If you've been working on selling your house or buying one, you might have heard about comparative market analysis. Since real estate terms might seem confusing sometimes, it would be good to understand what this is, as you can benefit quite a lot from it.

What is comparative market analysis?


A comparative market analysis, or CMA, is an evaluation of similar homes in the same neighborhood. Similar homes are recently sold homes in the area, and we call them comparables. CMA is not to be confused with an appraisal. While a licensed appraiser performs appraisal, real estate agents provide a comparative market analysis to property sellers and buyers.

If you're moving with the help of a moving company, you'll compare the prices of several reliable companies before you make your choice. And then, you'll go to verifiedmovers.com and book your move. In this way, it's similar to CMA. However, with CMA, similar homes' prices are compared to find a reasonable price for a particular house.

Then, the seller will use this value to determine the price of their home. A buyer, on the other hand, can use this value to know if the price of the listed home is reasonable or not. Keep in mind that CMA should consider only the final sales prices of homes to be accurate.

Neighborhood

After you choose the neighborhood, take a look at the comparables.



Reasons to ask real estate agents for CMAs


You need to find an agent who knows the area well when you decide to relocate to other parts of the state. As most real estate agents will give you CMA for free, you can use it to your advantage and look at it as one of the criteria for choosing an agent. Instead of interviewing many of them, their CMA will give you information on how well a particular agent knows the area. After agents email you a CMA, and you realize that they're familiar with the neighborhood of your interest, you can have a conversation with some of them and finally hire one.

CMA's accuracy


While there might be questions that real estate agents won't answer, they will address your queries regarding the price of comparables. However, what you can't know immediately is the CMA's accuracy. A couple of agents can come up with very different valuations. If you're selling the house, you will like getting the highest value, but this doesn't mean that it's a number you should trust. Knowing the variables that affect the property price can help you decide which CMA you can trust.

A man in a suit showing thumb up


You can hire a real estate agent based on the accuracy of the CMA.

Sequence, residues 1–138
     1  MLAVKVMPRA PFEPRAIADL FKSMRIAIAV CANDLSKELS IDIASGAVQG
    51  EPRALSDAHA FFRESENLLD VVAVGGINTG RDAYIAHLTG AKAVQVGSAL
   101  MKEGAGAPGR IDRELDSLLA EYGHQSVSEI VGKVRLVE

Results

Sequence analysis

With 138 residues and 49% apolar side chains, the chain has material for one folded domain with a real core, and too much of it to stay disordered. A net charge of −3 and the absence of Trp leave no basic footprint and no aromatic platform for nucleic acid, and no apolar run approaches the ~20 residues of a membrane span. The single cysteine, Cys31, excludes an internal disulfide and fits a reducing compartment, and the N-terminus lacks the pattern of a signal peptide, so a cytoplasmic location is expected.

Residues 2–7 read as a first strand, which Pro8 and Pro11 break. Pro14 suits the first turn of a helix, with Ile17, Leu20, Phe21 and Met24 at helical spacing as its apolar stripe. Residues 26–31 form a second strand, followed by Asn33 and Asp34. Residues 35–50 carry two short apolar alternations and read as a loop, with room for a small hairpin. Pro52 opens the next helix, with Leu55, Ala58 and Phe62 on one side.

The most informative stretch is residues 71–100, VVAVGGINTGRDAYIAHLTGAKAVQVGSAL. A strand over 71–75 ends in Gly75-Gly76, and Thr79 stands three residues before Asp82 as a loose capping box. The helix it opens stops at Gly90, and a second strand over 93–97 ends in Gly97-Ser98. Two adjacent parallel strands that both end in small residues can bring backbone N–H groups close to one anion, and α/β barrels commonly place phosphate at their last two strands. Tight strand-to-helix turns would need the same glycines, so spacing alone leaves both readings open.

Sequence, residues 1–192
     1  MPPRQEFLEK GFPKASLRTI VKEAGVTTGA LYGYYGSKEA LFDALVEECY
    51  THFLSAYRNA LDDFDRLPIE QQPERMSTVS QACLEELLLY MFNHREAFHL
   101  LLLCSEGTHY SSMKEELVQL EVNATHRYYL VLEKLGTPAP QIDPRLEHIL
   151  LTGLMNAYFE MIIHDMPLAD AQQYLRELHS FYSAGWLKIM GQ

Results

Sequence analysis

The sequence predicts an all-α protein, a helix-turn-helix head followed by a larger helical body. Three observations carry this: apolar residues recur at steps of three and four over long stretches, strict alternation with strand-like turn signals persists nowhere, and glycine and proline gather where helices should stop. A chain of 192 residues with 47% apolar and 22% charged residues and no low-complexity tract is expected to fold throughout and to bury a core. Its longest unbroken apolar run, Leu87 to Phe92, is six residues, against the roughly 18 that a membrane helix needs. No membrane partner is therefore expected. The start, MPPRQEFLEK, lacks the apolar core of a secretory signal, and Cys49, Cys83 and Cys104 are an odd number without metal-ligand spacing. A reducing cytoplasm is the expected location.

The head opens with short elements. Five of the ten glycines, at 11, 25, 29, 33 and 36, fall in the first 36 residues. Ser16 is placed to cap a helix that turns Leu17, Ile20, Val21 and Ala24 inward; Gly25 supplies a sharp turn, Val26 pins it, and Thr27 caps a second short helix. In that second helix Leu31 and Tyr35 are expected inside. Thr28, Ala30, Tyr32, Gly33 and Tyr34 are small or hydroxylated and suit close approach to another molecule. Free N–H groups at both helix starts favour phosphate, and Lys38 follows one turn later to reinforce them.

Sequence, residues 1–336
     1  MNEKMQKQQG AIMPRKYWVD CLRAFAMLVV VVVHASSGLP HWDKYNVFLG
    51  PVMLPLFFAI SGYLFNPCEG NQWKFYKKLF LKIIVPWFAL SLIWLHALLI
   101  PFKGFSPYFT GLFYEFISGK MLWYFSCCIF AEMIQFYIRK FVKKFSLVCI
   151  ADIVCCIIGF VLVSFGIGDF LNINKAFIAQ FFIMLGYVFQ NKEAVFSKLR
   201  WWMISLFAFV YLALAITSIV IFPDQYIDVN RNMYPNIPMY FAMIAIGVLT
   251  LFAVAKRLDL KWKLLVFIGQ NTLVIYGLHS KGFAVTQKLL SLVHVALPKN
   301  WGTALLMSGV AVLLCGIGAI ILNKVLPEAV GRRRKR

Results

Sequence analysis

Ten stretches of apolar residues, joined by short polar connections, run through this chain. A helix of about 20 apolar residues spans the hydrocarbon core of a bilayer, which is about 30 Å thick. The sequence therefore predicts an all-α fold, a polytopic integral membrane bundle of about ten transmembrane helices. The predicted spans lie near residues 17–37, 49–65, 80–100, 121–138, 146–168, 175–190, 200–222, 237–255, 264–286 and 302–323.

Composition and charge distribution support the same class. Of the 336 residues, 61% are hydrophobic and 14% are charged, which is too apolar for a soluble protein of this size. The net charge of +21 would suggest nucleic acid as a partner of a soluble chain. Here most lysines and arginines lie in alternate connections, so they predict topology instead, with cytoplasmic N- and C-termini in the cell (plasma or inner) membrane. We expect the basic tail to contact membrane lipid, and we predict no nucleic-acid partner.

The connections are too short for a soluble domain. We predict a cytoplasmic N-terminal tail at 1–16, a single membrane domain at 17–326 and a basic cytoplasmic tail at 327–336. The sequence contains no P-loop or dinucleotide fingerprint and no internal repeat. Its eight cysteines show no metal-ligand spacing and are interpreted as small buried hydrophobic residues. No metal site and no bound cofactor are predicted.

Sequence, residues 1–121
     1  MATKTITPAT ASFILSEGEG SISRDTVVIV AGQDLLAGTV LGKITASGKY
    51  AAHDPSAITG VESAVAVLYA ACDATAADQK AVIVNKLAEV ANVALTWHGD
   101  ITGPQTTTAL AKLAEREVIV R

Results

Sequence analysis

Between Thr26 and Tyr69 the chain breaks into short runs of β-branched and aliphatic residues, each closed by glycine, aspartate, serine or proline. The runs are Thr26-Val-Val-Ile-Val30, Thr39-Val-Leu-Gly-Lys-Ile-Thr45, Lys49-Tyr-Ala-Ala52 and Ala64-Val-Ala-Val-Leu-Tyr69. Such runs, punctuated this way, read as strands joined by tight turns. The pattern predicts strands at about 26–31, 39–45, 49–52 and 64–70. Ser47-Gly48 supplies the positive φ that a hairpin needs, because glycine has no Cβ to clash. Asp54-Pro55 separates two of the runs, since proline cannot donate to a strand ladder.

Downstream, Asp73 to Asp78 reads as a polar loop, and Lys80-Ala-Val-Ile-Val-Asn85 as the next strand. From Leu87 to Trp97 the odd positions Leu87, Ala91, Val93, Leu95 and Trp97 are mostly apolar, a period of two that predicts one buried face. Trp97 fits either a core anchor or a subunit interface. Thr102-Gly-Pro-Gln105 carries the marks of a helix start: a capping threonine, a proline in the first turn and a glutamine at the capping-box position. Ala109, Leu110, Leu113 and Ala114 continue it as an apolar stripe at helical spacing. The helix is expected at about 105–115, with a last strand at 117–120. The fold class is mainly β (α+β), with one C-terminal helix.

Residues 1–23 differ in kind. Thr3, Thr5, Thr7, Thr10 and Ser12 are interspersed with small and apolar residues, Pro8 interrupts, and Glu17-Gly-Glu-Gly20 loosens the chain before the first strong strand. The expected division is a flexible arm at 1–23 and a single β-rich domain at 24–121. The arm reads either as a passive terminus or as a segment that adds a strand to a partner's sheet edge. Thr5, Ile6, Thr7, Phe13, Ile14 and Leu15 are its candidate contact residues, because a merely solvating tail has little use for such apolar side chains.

Property's location

The first thing you should do is choose the area of your interest. Keep in mind that the smaller the area, the more accurate the evaluation will be. The best case would be to have a couple of homes in the same subdivision, where some of the homes have been sold recently. However, as you know, this is not possible in most cases. As in life, examples are rarely this perfect.

The goal is to locate comps in the same neighborhood or the general area. While buyers should research the neighborhood they like, sellers should focus on their own neighborhood. After that, both should define the smallest possible area they can find information for on listings within the past year. If this is not possible, they should try to find similar houses in similar subdivisions in other parts of the town.

When the property was sold


When doing comparative market analysis, it's necessary to look at properties sold in a given time frame. Sometimes, looking at three or more houses sold in the area within the past year might be enough to get an accurate value representation. However, in fast-moving markets, agents need to look at recent sales to do the CMA accurately. In this case, sales that are more than a couple of months old cannot be used as good comps. The more recent the sale, the less likely it is that the market has changed enough to make the prices of sold properties irrelevant.

Main features


The next thing to look at is the characteristics of the four comps. Here, we focus on easily comparable features, quantitative features, like the square footage, the number of baths and bedrooms, the lot size, and other similar characteristics. The goal is that the comps are as similar as possible, as it makes the evaluation easier. Unfortunately, this is very rare in large subdivisions, so in most cases, it's not possible to compare these things exactly.

Similar houses in a row


Perfect examples are rare.



Additional features


Let's say you have four houses built in the same year, with the same number of bathrooms and bedrooms. However, one house has half the square footage of the other three homes. For that reason, it might not be relevant in our evaluation. Additional features, such as a parking garage or a security system, also affect the price. These features might be significant to buyers and impact their decision-making process when buying the property. For this reason, even if the houses have the same structure and square footage, they might still be quite different regarding the features or renovations. Consequently, they can have a different final price.

After you evaluate all of the details related to the houses sold within the right time frame, you can go back to the homes available for sale in the area of your interest and compare them with the comparables. Keep in mind the additional features and renovations when deciding if the price of the desired property is too high or too low.

Use CMA to your advantage


There's no way to perfect your home purchase if you don't know what comparative market analysis is and how to use it. The more comps used for CMA, the quality of it will be better. An accurate CMA will give you the necessary information to help you average out the prices and get a sense of homes' reasonable value.

 

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